Aquilaria tree and agarwood (darker part inside), wikipedia

Critically endangered means two steps away from extinct. This status has encouraged the planting of organic agarwood plantations which have not all been successful in inducing the trees to produce the resin.

Later in this series we will visit an Agarwood plantation. We are also catching a camel ride with an Oud Caravan. Let’s see where that takes us. Somewhere along the way we will be meeting the man with an "alpha dog" nose as well as some Oud connoisseurs who will be sharing some deep-in-the-jungle knowledge with us. There will also be tigers.

Information Credits:
* Source: Elena Vosnaki - The Perfume Shrine
** Source: Vir Sanghvi - on Oud

Jordan River is the host of The Fragrant Man and also writes for Olfactoria's Travels and Australian Perfume Junkies.

He recently covered the first harvest of Santalum album sandalwood grown in Australia. Jordan has been been reading Fragrantica and other fragrance websites for many years and enjoys the confluence of subjectivity, knowledge and opinion. He is not a Perfume Pontiff and is always happy to be enlightened by your own knowledge and challenged by differing opinions.

His high rotation 'fumes are Jubilation XXV, Cuir 28, Fate Man and Puredistance BLACK. Special occasions scents include Cuir de Gardenia, Spiced Citrus Vetiver, Ensar Oud Oils and RealOud Feral.

 



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Jordan88888888
Jordan88888888

Peace Muznabutt - I will, with delight. When I first started wearing oils I thought that they were all about reapplication; ha! No they are not.

Jan
23
2014
Muznabutt
Muznabutt

Really enjoying your articles, pls give us more! Im learning alot and buying more oud based perfume oils!

Jan
22
2014
Jordan88888888
Jordan88888888

chayaruchama, what a wonderful companion you are to have on this fragrant journey. Let's be fascinated together. Ah, hours of fragrant fascination.

Jan
22
2014
Jordan88888888
Jordan88888888

Nebelgeîst - yes, I wondered that too about a certain male member. The German quote refers to the size of the nose, rather than the ability to smell, in comparison to, well, the male member. Lol.

Jan
22
2014
chayaruchama
chayaruchama

I'm very grateful to you for this fascinating series !

Jan
22
2014
Jordan88888888
Jordan88888888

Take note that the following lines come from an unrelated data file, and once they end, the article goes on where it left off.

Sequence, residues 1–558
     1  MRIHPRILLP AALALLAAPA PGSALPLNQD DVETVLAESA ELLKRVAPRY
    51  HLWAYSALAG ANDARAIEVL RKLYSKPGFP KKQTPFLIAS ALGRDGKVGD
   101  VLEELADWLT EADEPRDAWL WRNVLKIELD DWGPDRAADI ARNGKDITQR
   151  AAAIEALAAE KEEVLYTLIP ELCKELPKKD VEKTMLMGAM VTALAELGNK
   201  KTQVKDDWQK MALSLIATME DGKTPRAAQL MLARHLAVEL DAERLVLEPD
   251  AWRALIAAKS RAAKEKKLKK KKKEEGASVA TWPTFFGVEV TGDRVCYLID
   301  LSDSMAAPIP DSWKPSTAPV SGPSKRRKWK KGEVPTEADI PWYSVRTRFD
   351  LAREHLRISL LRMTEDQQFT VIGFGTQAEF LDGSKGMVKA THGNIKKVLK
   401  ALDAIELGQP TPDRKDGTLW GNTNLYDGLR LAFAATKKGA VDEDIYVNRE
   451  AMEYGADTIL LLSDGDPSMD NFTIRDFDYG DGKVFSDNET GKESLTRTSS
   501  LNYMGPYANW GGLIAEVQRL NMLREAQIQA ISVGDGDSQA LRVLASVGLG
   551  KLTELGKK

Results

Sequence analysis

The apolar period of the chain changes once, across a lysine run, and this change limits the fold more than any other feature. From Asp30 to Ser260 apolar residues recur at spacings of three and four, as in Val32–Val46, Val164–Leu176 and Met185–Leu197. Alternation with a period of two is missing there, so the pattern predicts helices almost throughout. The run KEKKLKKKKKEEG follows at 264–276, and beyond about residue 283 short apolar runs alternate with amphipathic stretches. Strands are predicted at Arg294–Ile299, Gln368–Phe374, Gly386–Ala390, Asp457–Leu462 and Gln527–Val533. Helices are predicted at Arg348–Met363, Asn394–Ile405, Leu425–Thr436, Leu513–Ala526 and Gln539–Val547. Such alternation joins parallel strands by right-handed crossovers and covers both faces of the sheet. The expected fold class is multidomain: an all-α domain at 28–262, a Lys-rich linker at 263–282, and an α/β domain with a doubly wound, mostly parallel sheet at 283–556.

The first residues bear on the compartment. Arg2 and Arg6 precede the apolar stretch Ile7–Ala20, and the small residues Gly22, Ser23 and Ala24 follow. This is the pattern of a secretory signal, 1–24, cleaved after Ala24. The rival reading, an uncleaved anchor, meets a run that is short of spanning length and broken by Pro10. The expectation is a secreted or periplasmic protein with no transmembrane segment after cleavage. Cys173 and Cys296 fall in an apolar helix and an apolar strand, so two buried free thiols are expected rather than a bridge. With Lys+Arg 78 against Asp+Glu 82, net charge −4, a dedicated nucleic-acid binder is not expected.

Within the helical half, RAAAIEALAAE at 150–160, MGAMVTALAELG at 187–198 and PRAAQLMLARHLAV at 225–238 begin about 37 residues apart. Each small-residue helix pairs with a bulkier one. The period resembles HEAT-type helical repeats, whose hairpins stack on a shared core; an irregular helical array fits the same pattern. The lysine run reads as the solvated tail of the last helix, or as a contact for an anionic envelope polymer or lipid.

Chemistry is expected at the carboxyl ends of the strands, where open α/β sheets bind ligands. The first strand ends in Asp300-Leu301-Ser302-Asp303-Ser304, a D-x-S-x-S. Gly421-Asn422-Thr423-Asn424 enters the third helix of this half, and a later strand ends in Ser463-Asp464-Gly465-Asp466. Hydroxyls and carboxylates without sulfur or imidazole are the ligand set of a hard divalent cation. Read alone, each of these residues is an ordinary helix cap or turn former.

Al-Maghrib - A great idea, albeit controversial - which may make for good reading.

Unfortunately the so called husbandry or "farming" standards are shocking.

Most perfumers would only buy vintage as they take the position not to support the current cruelty and endangerment. Maybe there will be a good news story in this industry similar to some upcoming good news about the critically endangered Agarwood trees. I will find out.

Jan
21
2014
Jordan88888888
Jordan88888888

@Descartes - we have happily added the sentence below and linked to other perfume credits by these noses.

"Alberto Morillas and Jacques Cavallier were the noses who created that break-through scent which still polarises people today."

NB: Tom Ford was never credited as the Nose in this article but I appreciate adding your clarity and the elevation and inclusion of the actual artist/artisans.

Great avatar name by the way. You are living up to the reputed wisdom of The Father of Modern Philosophy who would certainly credit those who should be credited.

Looking forward to your next comments.

Jan
21
2014
Jordan88888888
Jordan88888888

Peace Al-Maghrib, yes we will look at to the perception of outrageous prices. The Economics of Oud - great potential title for the post, thank you. I like like your questions and yes we will learn the answers as we proceed.

There are sampling 'tricks' but the best one is to know the reputation of the seller. Price is not really a guide. Cheap is not the real thing but expensive does not mean 'real' either as it could be marked up chemicals. There is nothing wrong of course with buying chemicals versions as long as you know that that is what you are buying at the correct price not the resin price,.

Nebelgeîst, have fun with the aromachemicals. There are some interesting synth compositions out there, usually from the Arabian houses.

Descartes. I did not think you to be impolite. You added to the conversation by highlighting the importance of crediting the nose. We are all here to learn. I like to know everything but I also know that I do not know everything. As that was a breakthrough release then why not mention the people who actually achieved the breakthrough as well as Tom Ford? I like that and the edit will appear at some stage.

Jan
21
2014
NebelGeîst
NebelGeîst

Ah, now I know which chemicals I would have to order, if I would not want to pay the 50 to 400€ per ml for the essential oud oil.

But... how does it come that we speak of Descates´ 'Johannes' now? xD

Jan
21
2014
Descartes
Descartes

Sorry if I sounded impolite, I love your article very much,but I love the work of Alberto Morillas and I think is fair to mention his name. The Germans have a nice saying about the nose: Wie die Nase des Mannes, so sein Johannes.....

Jan
21
2014
Jordan88888888
Jordan88888888

A great correction for clarity. Thank you Descartes. An important distinction to make. I admire Noses the most and I too was distracted by the big brand. Love your nose dude.

Jan
21
2014
Descartes
Descartes

M7 is a perfume creation by Alberto Morillas and Jacques Cavallier. Tom Ford was the artist director for the YSL campaign. He is not the nose behind M7.

Jan
21
2014
Jordan88888888
Jordan88888888

CarmelPerfumer - Glad that you are glad!
kinetisphere - it is a wonder isn't it. Depth and breadth and an ever-changing scent if you let it age.

Jan
20
2014
CarmelPerfumer
CarmelPerfumer

Enjoyable reading! So nicely researched. Wonderful images. So glad you took up the topic of oud!

Jan
20
2014
kinetisphere
kinetisphere

Very nice! I'm quite thankful for you sharing this information with us fragranticans. I look forward to learn more about this wonderful thing we call oud.

Jan
20
2014